Gross value added

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In economics, gross value added (GVA) is the measure of the value of goods and services produced in an area, industry or sector of an economy. In national accounts GVA is output minus intermediate consumption;[1] it is a balancing item of the national accounts' production account.[2]

Relationship to gross domestic product[edit]

GVA is linked as a measurement to gross domestic product (gdp), as both are measures of output. The relationship is defined as:

GVA + taxes on products - subsidies on products = GDP

As the total aggregates of taxes on products and subsidies on products are only available at whole economy level,[3] Gross value added is used for measuring gross regional domestic product and other measures of the output of entities smaller than a whole economy. Restated,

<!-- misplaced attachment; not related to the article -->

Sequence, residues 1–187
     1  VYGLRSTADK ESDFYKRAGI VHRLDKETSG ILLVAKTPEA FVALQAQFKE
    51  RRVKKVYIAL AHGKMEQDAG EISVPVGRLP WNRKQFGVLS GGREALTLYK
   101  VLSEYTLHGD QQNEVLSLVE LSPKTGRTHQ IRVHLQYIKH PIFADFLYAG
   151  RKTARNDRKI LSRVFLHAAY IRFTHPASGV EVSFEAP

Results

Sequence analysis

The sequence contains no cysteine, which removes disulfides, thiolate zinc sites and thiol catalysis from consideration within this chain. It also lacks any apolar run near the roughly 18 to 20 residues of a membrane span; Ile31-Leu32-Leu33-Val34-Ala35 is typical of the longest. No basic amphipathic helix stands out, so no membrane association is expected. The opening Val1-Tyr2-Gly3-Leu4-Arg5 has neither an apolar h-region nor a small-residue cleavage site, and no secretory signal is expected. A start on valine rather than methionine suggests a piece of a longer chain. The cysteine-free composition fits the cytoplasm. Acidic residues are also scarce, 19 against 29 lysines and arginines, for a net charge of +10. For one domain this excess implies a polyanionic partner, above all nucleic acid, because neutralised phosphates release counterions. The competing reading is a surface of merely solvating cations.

GVA = GDP + subsidies - (direct, sales) taxes

Over-simplistically, GVA is the grand total of all revenues, from final sales and (net) subsidies, which are incomes into businesses. Those incomes are then used to cover expenses (wages & salaries, dividends), savings (profits, depreciation), and (indirect) taxes.

GVA is sector specific, and GDP is calculated by summation of GVA of all sectors of economy with taxes added and subsidies are deducted.

Disadvantages of GVA[edit]

Comparison over time is difficult.

Advantages of GVA[edit]

  • Better coverage.
  • Internationally comparable figure.
  • Better market condition projection globally, especially in case of FIIs.

See also[edit]

References[edit]

  1. ^ "Statistics Explained".
  2. ^ "Statistics Explained".
  3. ^ "Guide to Gross Value Added (GVA)". Office for National Statistics. 2002-11-15. Retrieved 2012-07-08.